Posted in Brand and Image Research, Consumer Research, Market Research in the News, Shopper Insights | Comment

Us vs. them: The MR vendor/client standoff

Editor’s note: John Dick is president and CEO of CivicScience, a Pittsburgh-based research firm. This is an edited version of a post that originally appeared here under the title, “Being ‘a vendor’ sucks. But so does being ‘a client.’”

StandoffI’m writing this on a delayed Southwest Airlines flight, after four slogging days at TMRE in Orlando, hoping to keep a promise to my kids that I’d see them before they go to bed. Somehow there’s no Wi-Fi on this plane, which means the follow up e-mails I planned to send will have to wait until late tonight, when all I’ll want to do is chug a glass of wine and pass out. Oh, and I’m sitting in middle-seat purgatory because I gave up my aisle spot so a dad and his son to sit together. So, yes, like hundreds of other people leaving the conference – I’m burned out.

The conference itself was great for us. We made a lot of new friends, learned about some exciting new research and heard flattering feedback about our own work, both from clients and non-clients. We even landed some new business.

But the event stands out for one big reason: I’ve never attended an industry conference where the dynamic between client-side attendees and “vendors” or “suppliers” was so palpably antagonistic. There’s always some degree of “us versus them” at every conference. But the sense of urgency, near-desperation and frustration among our fellow vendors – and the sense of encroachment and frustration among the clients – felt different this time.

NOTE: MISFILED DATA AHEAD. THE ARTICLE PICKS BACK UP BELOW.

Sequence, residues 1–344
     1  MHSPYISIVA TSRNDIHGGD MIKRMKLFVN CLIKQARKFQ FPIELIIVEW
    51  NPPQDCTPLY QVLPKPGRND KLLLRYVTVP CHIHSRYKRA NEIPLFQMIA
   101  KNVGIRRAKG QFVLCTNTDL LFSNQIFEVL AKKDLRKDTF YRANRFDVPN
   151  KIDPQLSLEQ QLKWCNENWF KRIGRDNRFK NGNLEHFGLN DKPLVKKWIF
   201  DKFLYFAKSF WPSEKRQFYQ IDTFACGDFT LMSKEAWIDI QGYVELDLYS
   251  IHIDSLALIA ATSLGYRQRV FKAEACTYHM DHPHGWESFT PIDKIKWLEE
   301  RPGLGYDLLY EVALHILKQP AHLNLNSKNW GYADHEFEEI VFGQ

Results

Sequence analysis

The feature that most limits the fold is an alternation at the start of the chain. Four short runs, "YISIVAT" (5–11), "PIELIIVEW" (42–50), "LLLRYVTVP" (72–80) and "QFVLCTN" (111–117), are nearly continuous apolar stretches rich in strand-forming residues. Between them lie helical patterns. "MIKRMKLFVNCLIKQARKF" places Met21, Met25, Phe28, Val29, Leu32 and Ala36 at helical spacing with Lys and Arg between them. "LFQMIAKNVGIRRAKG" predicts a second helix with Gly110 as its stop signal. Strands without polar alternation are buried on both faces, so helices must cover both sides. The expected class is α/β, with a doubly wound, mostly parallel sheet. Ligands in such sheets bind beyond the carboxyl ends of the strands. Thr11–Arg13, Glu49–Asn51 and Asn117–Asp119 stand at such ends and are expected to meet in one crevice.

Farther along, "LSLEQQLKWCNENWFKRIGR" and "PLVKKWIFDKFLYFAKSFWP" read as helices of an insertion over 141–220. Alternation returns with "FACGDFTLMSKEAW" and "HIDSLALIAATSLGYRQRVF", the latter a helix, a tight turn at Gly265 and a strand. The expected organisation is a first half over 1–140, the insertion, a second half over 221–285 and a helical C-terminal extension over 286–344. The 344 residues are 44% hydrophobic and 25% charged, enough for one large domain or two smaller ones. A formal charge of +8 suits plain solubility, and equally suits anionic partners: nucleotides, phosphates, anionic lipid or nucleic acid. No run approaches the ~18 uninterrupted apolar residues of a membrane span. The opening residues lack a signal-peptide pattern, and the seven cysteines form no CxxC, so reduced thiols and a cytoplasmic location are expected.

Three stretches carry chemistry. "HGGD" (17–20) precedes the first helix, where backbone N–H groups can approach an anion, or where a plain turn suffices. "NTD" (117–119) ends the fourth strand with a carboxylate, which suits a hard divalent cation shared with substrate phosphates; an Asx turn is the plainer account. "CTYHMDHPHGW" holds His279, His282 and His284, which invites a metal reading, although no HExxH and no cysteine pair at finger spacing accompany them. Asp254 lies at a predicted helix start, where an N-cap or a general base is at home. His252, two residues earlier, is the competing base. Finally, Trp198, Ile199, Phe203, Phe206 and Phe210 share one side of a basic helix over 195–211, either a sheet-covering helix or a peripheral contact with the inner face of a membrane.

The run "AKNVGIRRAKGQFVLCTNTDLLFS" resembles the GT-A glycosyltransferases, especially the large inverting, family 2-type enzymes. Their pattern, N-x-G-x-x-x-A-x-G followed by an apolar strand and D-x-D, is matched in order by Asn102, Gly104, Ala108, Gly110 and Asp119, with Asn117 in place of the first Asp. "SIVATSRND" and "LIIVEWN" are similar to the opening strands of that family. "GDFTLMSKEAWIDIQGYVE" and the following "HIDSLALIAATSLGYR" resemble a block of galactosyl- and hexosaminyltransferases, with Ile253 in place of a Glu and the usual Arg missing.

The vendor and client cold war

It started a couple weeks before the event, when vendors began bombarding client-side attendees with unsolicited e-mails, phone calls and even texts. Hell, even I was getting a handful of these spammy e-mails every day and I’m a nobody. I can’t imagine what it was like for people from companies like ESPN or Under Armour or Subway.

Once the actual conference convened, the client-accosting really took off. The awkward ritual of staring at a complete stranger’s mid-section, trying to see a brand name on their small-font nametag, makes everyone uncomfortable. If you were spotted adorning one of those brand names, God help you.

Client-side folks have only a few defenses. They can avoid the exhibit hall altogether. They can be dismissive or rude to everyone who corners them. Or, I noticed a new tactic, where they inserted business cards into their lanyards to block the name of the company they worked for. Clever.

I should stop here and make it 100 percent clear that I don’t fault the conference organizers for any of this. There was nothing about the schedule, content, attendee list or physical layout that was out of the ordinary or problematic. All-in-all, it was a well-executed event.